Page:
Good Times Are Fragile
Ever notice how fast the sky turns black when summer storms of particular fury rise up over the horizon? A thick and roiling sheet gets flung overhead and day transitions to fearsome dusk in a blink. Regardless of the irony, it’s unnatural.
One fine Saturday morning mother was escorting me to my weekly music lesson. I was about five or six and gentle, old Mr. Willis was trying to fulfill my mother’s wish to turn me into a choir-grade boy soprano. His wife sat at the piano while Mr. Willis conducted from his parlour chair, baton circling gently, his mouth encouraging pear-shaped tones from mine. Consensus held that the potential was there.
We had recently moved and now lived some distance away, far enough to require the TTC and several transfers from one route to another. I had none of the usual youngster’s objections to music lessons. I was scrawny and even at that age, knew that rugged sports were never going to be my calling. Intellectual and artistic pursuits were more in my future. I’m not certain how that sat with my father, but it suited mother just fine. She had aspirations for me. It suited me too.
So this particular Saturday morning found me in tow, en route to my weekly lesson with Mr. Willis. I distinctly remember with the clarity of post-disaster recall, that it was brilliantly sunny and hot. Even the dust hadn’t the energy to stir. I was trailing my mother as we strolled along the sidewalk. The weekend beckoned and it was still just Saturday morning. Life was very, very good.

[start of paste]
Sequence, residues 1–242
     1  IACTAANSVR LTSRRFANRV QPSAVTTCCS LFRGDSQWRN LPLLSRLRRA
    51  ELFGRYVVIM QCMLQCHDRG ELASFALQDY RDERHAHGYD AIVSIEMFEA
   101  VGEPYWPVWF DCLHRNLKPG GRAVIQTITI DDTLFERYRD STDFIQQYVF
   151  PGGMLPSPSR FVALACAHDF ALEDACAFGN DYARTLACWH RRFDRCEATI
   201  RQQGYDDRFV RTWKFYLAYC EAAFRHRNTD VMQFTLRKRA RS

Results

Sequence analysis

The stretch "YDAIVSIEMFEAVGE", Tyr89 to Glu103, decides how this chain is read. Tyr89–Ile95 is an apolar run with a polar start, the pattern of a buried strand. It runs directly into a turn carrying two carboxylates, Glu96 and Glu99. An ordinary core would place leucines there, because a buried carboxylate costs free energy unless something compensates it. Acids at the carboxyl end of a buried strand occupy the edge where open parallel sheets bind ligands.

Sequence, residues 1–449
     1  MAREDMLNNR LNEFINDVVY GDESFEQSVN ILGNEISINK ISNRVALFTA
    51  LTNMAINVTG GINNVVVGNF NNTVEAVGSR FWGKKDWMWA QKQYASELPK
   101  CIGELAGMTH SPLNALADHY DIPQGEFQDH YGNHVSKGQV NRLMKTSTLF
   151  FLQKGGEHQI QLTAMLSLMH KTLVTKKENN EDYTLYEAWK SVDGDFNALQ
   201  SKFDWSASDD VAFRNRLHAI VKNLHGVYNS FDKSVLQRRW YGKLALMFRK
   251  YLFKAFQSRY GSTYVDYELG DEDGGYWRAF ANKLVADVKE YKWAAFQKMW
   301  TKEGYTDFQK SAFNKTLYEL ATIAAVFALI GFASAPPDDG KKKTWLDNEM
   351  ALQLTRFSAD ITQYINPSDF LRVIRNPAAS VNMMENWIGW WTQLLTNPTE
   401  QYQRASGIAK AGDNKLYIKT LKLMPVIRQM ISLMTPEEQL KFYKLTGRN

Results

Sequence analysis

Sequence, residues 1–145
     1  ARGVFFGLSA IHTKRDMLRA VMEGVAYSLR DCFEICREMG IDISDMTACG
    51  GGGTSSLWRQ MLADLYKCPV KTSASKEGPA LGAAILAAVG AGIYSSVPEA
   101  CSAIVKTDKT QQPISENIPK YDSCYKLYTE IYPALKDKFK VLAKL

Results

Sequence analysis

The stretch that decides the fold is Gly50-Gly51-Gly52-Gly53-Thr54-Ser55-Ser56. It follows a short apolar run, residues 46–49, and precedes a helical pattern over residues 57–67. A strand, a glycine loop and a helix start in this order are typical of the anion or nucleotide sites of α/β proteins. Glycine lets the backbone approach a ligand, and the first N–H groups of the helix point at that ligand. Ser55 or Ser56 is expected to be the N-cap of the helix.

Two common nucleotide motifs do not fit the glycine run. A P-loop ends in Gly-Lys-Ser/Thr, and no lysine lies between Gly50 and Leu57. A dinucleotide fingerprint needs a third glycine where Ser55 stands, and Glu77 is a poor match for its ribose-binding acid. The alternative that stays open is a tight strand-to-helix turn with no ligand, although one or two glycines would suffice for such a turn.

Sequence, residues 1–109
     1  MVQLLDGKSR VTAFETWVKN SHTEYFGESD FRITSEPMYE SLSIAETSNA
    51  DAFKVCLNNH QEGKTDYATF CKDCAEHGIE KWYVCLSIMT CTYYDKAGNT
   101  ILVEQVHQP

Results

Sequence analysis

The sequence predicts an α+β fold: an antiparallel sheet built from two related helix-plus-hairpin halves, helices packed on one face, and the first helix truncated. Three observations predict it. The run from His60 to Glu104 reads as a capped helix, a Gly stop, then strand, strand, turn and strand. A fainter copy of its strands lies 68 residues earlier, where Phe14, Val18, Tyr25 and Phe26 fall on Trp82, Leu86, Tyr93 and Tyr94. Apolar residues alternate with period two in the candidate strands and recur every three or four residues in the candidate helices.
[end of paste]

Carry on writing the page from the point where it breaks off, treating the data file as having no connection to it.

In one of those “it seemed like a good idea at the time” moments, I fell a bit behind, picked up a rock from the sidewalk’s edge, not too big, not too small, cocked my arm and flung it into the traffic that was streaming by. I didn’t single out any particular car and I can’t recall any evil intent. I was just caught by an impulse and driven by the exuberance of the moment. Not a single pause was given over to consequences. I was five or six and the complexities of “If, Then, Else” logic had never been explained to me. They were now about to be explained in detail.
The rock caromed off the windshield of a passing car, scaring the bejesus out of the driver. Tires screeched. The door wrenched open and a stream of blue rage flew from his reddening face. Oh, my poor mother. Mortified. Storm clouds gathered and swept over my carefree Saturday. It’s a blessed wonder my arm stayed in its socket. Days later I’m certain her handprint was still there on my bottom.
I don’t recall if it was administered to the flesh or through the denim of my pants, but to this day 65 years on,
I know the mark was there.